Enlarged tail fillet and a shallow ventral fin added.


148 P-39Q-5s modified to carry cameras for photographic reconnaissance by adding K-24 and K-25 cameras in the aft fuselage.


Variant with increased armour (228 lb/103 kg), fuel capacity increased (120 gal/454 l).

Automatic Boost controls added and Throttle & RPM controls were coordinated.

Winterization of oil systems and rubber mounts added to the engines, 705 built.


Eight P-39Q-10s modified to carry cameras for photographic reconnaissance by adding K-24 and K-25 cameras in the aft fuselage.


Production variant with reinforced inclined deck to prevent .50 in (12.7 mm) machine gun tripod mounting cracking, bulkhead reinforcements to prevent rudder pedal wall cracking, a reinforced reduction gearbox bulkhead to prevent cowling former cracking, and repositioning of the battery solenoid.

Oxygen system reduced from four bottle to only two, 1,000 built.


Production variant with minor equipment changes.

The under wing 0.50 in (12.7 mm) machine gun pods were sometimes omitted in this version, 1,000 built.


109 P-39Q-20 fitted with a four bladed Aeroproducts propeller.


12 P-39Q-20s converted to two-seat trainers .


Production variant similar to the P-39Q-21 but with a reinforced aft fuselage and horizontal stabilizer structure, 700 built.


Production variant that reverted to the three-bladed propeller, 400 built.


Remaining examples in service, re-designated in June 1948.


The P-45 was the initial designation of the P-39C or Model 13.

Bell XFL-1 Airabonita

One prototype tail-wheel undercarriage carrier fighter for the USN.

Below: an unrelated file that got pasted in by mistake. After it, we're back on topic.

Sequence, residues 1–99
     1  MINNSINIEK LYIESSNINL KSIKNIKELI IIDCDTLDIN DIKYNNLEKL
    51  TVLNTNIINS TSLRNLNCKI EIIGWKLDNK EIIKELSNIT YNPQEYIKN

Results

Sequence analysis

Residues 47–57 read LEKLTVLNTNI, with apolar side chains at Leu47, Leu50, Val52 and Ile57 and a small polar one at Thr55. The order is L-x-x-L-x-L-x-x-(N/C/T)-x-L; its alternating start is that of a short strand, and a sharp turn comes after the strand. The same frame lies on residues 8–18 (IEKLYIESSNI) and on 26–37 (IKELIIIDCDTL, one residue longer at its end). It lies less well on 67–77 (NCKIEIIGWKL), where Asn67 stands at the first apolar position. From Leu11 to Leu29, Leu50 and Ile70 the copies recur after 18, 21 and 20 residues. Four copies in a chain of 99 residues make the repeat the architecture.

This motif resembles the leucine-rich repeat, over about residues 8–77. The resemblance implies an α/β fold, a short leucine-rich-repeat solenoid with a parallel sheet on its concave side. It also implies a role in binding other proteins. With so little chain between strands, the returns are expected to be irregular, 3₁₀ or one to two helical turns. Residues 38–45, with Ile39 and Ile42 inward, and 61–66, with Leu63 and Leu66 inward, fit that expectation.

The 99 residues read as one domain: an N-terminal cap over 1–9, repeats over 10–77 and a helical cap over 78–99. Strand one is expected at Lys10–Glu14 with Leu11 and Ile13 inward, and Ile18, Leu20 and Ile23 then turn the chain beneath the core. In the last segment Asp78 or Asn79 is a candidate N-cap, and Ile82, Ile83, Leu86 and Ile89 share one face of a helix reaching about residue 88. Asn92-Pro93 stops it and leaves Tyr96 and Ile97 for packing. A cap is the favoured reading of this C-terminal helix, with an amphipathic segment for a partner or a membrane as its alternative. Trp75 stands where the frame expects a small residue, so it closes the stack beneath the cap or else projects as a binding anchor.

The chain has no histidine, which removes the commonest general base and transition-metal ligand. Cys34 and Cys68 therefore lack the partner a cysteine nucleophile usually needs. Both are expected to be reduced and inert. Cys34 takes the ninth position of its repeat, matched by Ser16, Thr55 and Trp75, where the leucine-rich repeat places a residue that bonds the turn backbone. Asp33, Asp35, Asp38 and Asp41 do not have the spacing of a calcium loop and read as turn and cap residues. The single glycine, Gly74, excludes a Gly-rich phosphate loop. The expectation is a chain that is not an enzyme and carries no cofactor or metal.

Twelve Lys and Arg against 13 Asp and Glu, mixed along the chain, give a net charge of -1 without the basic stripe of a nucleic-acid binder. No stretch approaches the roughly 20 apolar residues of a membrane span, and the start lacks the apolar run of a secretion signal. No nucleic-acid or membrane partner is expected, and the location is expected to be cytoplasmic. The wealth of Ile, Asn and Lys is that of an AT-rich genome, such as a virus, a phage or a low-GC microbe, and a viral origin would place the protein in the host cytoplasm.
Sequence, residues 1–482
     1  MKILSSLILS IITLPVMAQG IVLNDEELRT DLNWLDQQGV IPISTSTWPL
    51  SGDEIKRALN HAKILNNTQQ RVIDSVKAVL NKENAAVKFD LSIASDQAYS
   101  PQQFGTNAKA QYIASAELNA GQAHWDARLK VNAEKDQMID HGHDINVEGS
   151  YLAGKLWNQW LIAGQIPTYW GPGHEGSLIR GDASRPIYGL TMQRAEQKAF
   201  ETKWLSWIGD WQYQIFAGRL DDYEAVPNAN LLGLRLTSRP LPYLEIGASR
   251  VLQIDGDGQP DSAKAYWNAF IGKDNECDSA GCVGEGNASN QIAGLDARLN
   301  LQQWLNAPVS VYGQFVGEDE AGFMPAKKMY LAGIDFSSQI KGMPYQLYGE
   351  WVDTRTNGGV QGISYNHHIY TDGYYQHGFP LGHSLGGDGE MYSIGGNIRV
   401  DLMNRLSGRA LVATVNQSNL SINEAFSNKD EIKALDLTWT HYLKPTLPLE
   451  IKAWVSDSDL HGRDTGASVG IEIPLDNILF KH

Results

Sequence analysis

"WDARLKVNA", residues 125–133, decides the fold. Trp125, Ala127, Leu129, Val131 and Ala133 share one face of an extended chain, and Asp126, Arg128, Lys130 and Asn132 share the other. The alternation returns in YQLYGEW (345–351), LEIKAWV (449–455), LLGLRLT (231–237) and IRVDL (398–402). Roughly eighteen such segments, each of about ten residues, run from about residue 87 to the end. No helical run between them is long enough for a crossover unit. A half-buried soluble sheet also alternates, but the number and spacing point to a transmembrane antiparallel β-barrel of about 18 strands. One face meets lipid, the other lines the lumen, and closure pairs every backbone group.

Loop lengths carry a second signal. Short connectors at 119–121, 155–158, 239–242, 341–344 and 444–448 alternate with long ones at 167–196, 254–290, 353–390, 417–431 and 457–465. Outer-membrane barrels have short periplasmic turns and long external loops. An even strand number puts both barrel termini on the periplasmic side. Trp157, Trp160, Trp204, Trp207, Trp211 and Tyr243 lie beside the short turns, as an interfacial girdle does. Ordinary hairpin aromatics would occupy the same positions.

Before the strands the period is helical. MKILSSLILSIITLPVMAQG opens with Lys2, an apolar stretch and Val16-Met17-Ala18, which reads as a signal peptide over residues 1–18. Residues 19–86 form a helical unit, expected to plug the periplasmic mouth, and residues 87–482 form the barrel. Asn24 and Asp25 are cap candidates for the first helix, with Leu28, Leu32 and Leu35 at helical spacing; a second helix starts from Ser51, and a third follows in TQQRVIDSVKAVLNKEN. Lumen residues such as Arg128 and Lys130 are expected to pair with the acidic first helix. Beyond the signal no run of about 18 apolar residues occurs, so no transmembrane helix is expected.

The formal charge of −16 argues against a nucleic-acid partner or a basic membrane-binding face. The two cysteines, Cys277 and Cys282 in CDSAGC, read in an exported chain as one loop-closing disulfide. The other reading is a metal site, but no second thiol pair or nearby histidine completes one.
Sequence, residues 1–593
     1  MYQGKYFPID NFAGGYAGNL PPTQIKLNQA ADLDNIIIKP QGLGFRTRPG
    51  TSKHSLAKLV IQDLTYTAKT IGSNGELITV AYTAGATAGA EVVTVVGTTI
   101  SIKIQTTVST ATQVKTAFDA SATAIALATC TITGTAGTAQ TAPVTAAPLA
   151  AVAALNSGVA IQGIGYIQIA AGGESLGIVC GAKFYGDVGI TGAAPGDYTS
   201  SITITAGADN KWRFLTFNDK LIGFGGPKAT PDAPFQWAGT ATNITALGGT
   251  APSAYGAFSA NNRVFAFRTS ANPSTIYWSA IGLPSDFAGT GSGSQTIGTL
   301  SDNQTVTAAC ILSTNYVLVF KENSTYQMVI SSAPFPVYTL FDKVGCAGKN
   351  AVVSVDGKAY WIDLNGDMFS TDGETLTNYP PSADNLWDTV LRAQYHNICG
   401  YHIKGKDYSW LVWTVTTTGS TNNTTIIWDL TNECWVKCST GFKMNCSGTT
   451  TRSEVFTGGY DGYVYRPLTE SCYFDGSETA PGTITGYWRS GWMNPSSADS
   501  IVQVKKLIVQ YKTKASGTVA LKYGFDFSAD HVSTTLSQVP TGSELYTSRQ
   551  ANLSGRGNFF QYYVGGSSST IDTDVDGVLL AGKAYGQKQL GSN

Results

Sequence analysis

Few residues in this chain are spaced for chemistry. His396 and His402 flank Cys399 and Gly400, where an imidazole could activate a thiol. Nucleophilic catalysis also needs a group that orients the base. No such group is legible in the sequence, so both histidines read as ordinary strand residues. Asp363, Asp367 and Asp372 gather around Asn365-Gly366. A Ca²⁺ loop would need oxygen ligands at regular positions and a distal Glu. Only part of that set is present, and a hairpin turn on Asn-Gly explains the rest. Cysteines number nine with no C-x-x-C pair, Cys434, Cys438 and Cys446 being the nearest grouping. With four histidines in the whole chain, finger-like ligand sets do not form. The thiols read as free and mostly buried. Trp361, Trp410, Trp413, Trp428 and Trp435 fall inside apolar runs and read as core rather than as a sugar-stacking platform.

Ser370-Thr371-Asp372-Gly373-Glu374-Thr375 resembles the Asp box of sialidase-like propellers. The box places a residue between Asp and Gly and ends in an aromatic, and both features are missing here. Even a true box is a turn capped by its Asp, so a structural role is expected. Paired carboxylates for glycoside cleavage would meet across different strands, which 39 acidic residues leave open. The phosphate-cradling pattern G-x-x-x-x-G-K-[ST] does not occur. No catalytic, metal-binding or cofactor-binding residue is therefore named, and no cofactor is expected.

United States Navy (USN) designation for two P-39Qs used as target drones.

Assigned to NAS Cape May for test work.

Later redesignated F2L-1K.


XTDL-1 drones re-designated


An export model of the P-39 with a less powerful cannon, using a 20 mm Hispano cannon rather than the standard 37 mm cannon.

It also had 2 x .50 calibre machine guns in the nose and 2 .30 calibre machine guns in each wing.

Airacobra I 

Bell Model 13, Royal Air Force (RAF) designation for three P-39Cs delivered to the A&AEE Boscombe Down for testing.

Airacobra IA 

Bell Model 14. Briefly named ‘Caribou’.

V-1710-E4 (1,150 hp/858 kW) engine, 1 × 20 mm (.79 in) cannon with 60 rounds & 2 × 0.50 in (12.7 mm) machine guns were mounted nose and four 0.303 in (7.7 mm) machine guns were mounted in the wings.

IFF set removed from behind pilot.


The designation IA indicates direct purchase aircraft (as opposed to Lend-Lease), 675 built.

The USAAF operated 128 former RAF aircraft with the designation P-400.





30 ft 2 in (9.19 m)


34 ft 0 in (10.36 m)


12 ft 5 in (3.78 m)

Wing area

213 sq ft (19.8 m2)

Empty weight

6,516 lb (2,956 kg)

Gross weight

7,570 lb (3,434 kg)

Max take-off weight

8,400 lb (3,810 kg)


1 × Allison V-1710-85 V-12 liquid cooled piston engine,

1,200 hp (890 kW) at 9,000 ft (2,743 m) (Emergency power)


3 bladed constant speed propeller


Maximum speed

389 mph (626 km/h, 338 kn)

Stall speed

95 mph (153 km/h, 83 kn) power off, flaps and undercarriage down

Never exceed speed

525 mph (845 km/h, 456 kn)


525 mi (845 km, 456 nmi) on internal fuel

Service ceiling

35,000 ft (11,000 m)

Rate of climb

3,805 ft/min (19.33 m/s) at 7,400 ft (2,300 m)

(Using emergency power)

Time to altitude

15,000 ft (4,600 m) in 4 minutes 30 seconds at 160 mph (260 km/h)

Wing loading

34.6 lb/sq ft (169 kg/m2)


0.16 hp/lb (0.26 kW/kg).